There is a hot button issue that is making its way around the African development community on the development community Twit-O-Sphere and blogosphere as I type.
A project called “One Million Shirts”is aiming to collect and send one million used t-shirts to Africa. According to their website, after listing off generalized one size fits all problems faced by the continent, (you know, poverty, disease, lack of nourishment, unfair trade policies ) the rationale is:
“The t-shirts provided by 1MillionShirts will give people part of what they need to survive. Your donation of 1 or several t-shirts will not only help people in poverty-stricken areas, but it will also help the environment!
Most people will throw away old clothing without realizing the impact it can have on the environment. According to the EPA (Environmental Protection Agency), 11.8 million TONS of textiles are discarded in the United States each year! You may not realize it, but your items of clothing take a long time to decompose.”
So basically, I read this argument as follows: “Because by throwing away old stuff to buy new stuff hurts our environment here in the United States, let’s dump our shirts in Africa instead, under the delusion that by doing so, somehow it will contribute to whatever African Malaise -of-the-Day they are going through.”
The shortsightedness of this T-Shirt plan will come out in the wash. The founders of the project are finding themselves in some critical hot water. Here’s my 1.5 cents:
- So, to avoid domestic environmental degradation at home, it is okay to contribute to environmental degradation in Africa? No. If a sock takes 6 months to decompose here, why would the rate of decomposition change just because of a change of scenery? Environmental degradation has been well chronicled as a contributor to poverty, hunger and warfare due to competition for resources. Many African governments lack both the means and political will to combat environmental pollution.Why not just recycle the materials domestically in the States?
- Flooding the markets with refuse from the United States can contribute to depressing local cotton industries. Cotton and sugar are two of Africa’s biggest exports According to Dambisa Moyo, author of “Dead Aid: Why Aid is Not Working and How there Is a Better Way for Africa”, she states that African farmers, especially in West and Central Africa, cannot compete with the influx of excess Western imports, many of which have been heavily subsidized or Western companies looking to dump excess stock. Roughly 10 million people, or 6 million households depend on revenues from cotton in places like Nigeria, Togo, Benin, Mali and Zimbabwe. Trade ministers lodged a formal complaint to the World Trade Organization, claiming that unfair trade policies cost their countries $1 billion a year. Just two days ago, the BBC reported that for the past five years cotton production in Africa has been on the decline.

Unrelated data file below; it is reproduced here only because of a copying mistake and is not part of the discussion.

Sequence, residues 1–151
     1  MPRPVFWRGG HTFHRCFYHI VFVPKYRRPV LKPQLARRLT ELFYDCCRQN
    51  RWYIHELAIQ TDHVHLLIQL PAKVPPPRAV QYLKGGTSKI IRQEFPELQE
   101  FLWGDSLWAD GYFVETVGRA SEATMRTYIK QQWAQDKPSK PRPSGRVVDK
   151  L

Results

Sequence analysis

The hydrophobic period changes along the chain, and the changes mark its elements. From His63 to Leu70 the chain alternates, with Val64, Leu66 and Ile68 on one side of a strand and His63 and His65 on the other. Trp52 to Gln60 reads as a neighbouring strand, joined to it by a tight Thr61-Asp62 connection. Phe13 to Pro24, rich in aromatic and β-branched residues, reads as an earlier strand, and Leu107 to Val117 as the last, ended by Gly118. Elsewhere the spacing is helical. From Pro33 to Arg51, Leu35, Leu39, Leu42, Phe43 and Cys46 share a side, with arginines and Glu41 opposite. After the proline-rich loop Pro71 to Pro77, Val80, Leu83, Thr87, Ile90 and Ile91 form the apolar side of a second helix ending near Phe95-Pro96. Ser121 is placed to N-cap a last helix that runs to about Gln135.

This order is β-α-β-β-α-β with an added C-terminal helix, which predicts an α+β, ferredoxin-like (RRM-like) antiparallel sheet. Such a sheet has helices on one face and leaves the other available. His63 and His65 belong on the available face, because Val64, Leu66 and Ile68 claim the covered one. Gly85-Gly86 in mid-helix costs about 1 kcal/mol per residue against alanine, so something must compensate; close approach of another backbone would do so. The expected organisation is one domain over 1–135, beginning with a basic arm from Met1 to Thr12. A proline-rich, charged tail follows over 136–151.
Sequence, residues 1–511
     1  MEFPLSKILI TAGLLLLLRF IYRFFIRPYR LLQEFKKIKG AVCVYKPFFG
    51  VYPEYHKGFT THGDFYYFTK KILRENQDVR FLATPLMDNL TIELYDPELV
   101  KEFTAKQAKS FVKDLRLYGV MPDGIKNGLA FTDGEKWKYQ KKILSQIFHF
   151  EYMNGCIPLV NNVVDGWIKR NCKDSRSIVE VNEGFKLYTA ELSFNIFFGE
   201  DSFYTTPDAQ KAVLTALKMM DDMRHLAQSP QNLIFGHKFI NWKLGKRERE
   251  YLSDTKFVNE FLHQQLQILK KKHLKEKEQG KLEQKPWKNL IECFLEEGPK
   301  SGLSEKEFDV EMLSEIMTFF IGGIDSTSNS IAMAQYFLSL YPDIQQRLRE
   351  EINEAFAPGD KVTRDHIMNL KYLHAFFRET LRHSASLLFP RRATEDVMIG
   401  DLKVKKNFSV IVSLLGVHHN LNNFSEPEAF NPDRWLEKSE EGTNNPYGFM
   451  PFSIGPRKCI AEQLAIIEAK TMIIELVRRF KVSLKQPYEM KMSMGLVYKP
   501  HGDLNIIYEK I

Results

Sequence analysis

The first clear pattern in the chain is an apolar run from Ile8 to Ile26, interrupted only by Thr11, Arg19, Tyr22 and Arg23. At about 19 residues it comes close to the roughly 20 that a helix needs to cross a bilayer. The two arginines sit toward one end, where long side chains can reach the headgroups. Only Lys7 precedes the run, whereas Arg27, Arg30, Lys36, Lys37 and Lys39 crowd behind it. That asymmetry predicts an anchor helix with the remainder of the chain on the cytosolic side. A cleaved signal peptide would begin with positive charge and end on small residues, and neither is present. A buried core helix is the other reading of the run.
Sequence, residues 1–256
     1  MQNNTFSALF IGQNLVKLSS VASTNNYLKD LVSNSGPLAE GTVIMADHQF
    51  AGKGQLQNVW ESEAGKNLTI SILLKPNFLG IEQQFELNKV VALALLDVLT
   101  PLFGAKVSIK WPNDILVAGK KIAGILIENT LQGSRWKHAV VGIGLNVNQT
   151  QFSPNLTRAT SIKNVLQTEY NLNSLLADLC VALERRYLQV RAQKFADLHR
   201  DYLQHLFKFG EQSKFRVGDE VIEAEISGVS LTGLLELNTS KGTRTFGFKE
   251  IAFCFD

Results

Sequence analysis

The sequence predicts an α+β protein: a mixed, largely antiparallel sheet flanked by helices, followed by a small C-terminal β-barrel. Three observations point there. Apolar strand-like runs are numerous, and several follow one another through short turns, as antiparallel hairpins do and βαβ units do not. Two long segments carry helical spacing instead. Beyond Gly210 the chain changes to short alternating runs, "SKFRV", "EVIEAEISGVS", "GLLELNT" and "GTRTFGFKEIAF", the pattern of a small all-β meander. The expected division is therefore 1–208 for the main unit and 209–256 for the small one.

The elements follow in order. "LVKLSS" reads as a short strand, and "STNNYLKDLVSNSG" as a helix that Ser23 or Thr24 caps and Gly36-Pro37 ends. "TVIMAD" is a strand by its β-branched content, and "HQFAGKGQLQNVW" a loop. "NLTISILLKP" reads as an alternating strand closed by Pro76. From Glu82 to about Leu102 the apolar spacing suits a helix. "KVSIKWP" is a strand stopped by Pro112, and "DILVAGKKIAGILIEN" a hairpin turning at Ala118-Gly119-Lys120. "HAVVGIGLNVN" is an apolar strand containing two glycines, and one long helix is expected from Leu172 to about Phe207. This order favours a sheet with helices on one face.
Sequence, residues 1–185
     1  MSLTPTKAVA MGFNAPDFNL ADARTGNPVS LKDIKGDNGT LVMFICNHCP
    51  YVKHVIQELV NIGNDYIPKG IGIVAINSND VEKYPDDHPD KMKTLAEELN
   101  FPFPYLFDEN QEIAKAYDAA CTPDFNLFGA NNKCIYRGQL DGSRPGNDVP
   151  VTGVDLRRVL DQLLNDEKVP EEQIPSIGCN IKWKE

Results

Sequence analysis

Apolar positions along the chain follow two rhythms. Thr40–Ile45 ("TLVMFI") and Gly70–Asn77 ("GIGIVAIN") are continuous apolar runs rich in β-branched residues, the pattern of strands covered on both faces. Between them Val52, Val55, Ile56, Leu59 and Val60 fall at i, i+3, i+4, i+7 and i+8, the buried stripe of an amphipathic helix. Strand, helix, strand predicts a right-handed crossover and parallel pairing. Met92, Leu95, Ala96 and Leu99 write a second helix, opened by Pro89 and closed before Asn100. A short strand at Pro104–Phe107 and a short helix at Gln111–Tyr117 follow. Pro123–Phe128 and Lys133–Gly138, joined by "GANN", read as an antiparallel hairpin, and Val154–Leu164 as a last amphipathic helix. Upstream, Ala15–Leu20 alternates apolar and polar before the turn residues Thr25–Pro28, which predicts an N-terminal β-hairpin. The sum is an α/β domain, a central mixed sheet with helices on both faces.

- For the purposes of this blog, that being female economic empowerment, women are affected by depressions on cotton production. According to AFD (Agence Française du Développement) 40% of organic cotton producers in West Africa are women. Potential threats to their sources of income does not tide well for their development. (On a tangentially related note, please stop the madness when it comes to Western organizations donating floods of pre-loved USED UNDERWEAR to women in Africa. Its demeaning and slightly creepy. Plus, I I doubt the claim in the website that women in Zimbabwe are empowered by “sexy, scintillating, designer maternity lingerie” and that wearing such lingerie will “elevate the status of women,” thus decrease the high level of rape and sexual abuse of women and girls there. Correct me if I’m wrong.)
I’m not trying to say that this One Million T-Shirts project has the capacity to bankrupt millions of people around Africa. I’m sure this project was well-intentioned. I’m sure these guys meant to “lint” a hand and don’t wish their good intentions to be ‘stained’. But let me join the chorus of those in the aid community in urging these guys to perhaps stretch their minds and come with a better mode of attack. I also hope that those in the aid community be willing to work with them as well and offer solutions instead of just criticism. Maybe a solution that helps to empower those in the cotton industry to produce locally made shirts. Or what if they contributed to clean drinking water or green coffee in Africa? I also know there is a need for books to be donated to libraries and to schools. What if they found a way to send money to send women and girls in West Africa to sewing school, so that they can produce locally made apparel and support themselves and their families with income, as well as supporting local industries?
I would love to hear your feedback, comments, and critiques. If you are on Twitter, follow @mjamme, @meowtree, @katrinskaya and @texasinafrica–these are all individuals who are concerned with the 1MillionShirts project.